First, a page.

by Jerome Wright —
This is the second installment of The New Tri-State Defender’s ongoing account of three Memphians coping with the coronavirus amid government-directed efforts to slow the virus’ spread.
Margaret Cowan was guiding a nonprofit, William Gandy Jr. worked as a barber and James Cowan operated two businesses before COVID-19. Then came the “stay-at-home” mandates. Businesses closed, resulting in thousands of layoffs and furloughs. Others reduced services to options such as drive-thru and delivery only.
Here’s the weekly update on how each of the three spotlighted by the TSD was coping.
Margaret Cowan and “her moms”
As the “founding keeper” of the I Am My Sister’s Keeper nonprofit, Margaret Cowan works with 20 of “her moms,” building a “village” where they support each other in a collective quest to improve financial situations for themselves and their children.
Her work involves a lot of contact with the women and frequent interaction between all of them. Last week, she said safer-at-home mandates curtailed that interaction. Yet, they still found a way to interact while practicing social distancing.
“On Wednesday (April 1) we had a Zoom (conference) call and decided we would hold Zoom meetings every Thursday.
“We had a good time and you could tell there was so much joy …” to connect with one another.
Last Saturday (April 4), Cowan said, the group met in the parking lot of the Frayser-Raleigh Senior Center, where they sat in their cars and chatted among themselves — social distancing, of course.
“It was fun. They want to do that every week, too.”
Cowan also shared some good news.
The laid off hotel manager she told The New Tri-State Defender about last week has been approved for unemployment benefits.
And, her organization received $1,000 from the Community Foundation, which will be used to help “her moms,” including the other recently laid off hotel employee Cowan mentioned last week.
Beyond these happenings, Cowan and one of the organization’s board members are working to complete a strategic plan, with three key goals — buying homes that “her moms” can live in until they can buy their own, garnering more corporate sponsors and improving the organization’s portfolio, which she hopes will improve their chances of attracting the sponsorships.
William Gandy Jr. — “readjust to reality”
William Gandy Jr. is one of six barbers who found themselves without their hair grooming jobs when a Whitehaven shop closed because of safer-at-home orders.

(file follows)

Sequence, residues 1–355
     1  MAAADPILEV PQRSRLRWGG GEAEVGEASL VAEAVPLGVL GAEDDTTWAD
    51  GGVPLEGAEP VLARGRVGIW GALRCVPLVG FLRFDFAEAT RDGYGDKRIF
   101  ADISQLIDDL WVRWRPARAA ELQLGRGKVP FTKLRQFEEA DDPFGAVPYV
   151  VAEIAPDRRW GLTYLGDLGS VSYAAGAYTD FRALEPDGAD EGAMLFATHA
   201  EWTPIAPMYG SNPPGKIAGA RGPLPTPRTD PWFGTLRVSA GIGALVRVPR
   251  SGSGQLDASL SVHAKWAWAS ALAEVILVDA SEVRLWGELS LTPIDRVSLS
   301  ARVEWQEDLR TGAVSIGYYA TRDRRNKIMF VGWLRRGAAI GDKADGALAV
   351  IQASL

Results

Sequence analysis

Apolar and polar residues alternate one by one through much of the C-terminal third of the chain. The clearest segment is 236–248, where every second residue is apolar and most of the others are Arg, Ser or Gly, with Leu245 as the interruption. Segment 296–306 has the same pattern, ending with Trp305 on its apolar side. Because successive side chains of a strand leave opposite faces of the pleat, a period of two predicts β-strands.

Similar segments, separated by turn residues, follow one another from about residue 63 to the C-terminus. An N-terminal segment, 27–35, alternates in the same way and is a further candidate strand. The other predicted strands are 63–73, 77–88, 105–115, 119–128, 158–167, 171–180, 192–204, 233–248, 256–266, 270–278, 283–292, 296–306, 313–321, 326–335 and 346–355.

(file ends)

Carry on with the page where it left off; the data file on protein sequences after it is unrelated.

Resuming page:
An accomplished singer and musician, Gandy routinely would be out and about performing his music, attending events and other things when not trimming hair.
He has had to “readjust to the reality” of being off and safer-at-home orders. He is trying to finish a book he has been working on over the past five years. He also is writing more music.
“I’ve had to cut back a lot, but I’m healthier. I’ve actually lost weight. I finally had a chance to use my juice machine more.”
He’s also been in contact with his fellow barbers, who asked him to contact the shop’s owner to see when the owner thinks they will be back to work. The owner told him that will happen whenever the “safer at home” mandates are lifted.
As expected, Memphis Mayor Jim Strickland on Monday extended the city’s mandate, which now stretches through April 21. Dr. Manoj Jain, an infectious disease expert, who is advising city officials on the virus pandemic, later said it isn’t clear when Memphis might lift the mandate.
And while some of Gandy’s customers still are trying to get him to do some “underground” barbering, he said he has consistently refused.
James Cook: barely holding on
The flow of passenger traffic through Memphis International Airport has been so greatly reduced by the response to he global pandemic that James Cook was running options for staying in business there when the talked with the TSD last week.
Cook, is proprietor and partner with KC Eatery, licensed to operate Runway 901 Bar & Grill and Lenny’s Grill and Subs at the airport. He’s operated businesses at the airport for 10-plus years.
Last week, the told the TSD that with airport traffic reduced to a trickle he had to close Runway 901. He had been able to keep Lenny’s open with a reduced staff, primarily because of business from airport employees.
On Monday, the Lenny’s staff was down to two employees, including himself. Wednesday, he said, it was just him.
He had to cut operating hours from 5 a.m.-6:30 p.m. to 5 a.m.-noon. Six Lenny’s employees were let go.
He explained that, from his vantage point, about 200 passengers a day are coming through the terminal and that the airport had adjusted its staff scheduling to reflect the loss of traffic.
“These people (laid off Lenny’s employees) were supposed to hold things down. Now, I’m the manager, the cook, the cashier and HR (human resources).”
Still, he was able to maintain a sense of humor. Asked Monday why, with only one employee, he had to be HR director, he laughed and said, “I’m priding myself on getting to work on time.”
On Friday (April 10), he told The New Tri-State Defender he had closed the shop indefinitely “based on numbers projected to be even lower as more airport employees aren’t being scheduled.”
Memphis Airport Director Scott Brockman told media outlets last week that customer traffic is down between 95 percent to 97 percent.
That pretty much mirrors what is happening at airports nationally.
(Jerome Wright is deputy editor for The New Tri-State Defender.)
First installment: Maneuvering through the perils of COVID-19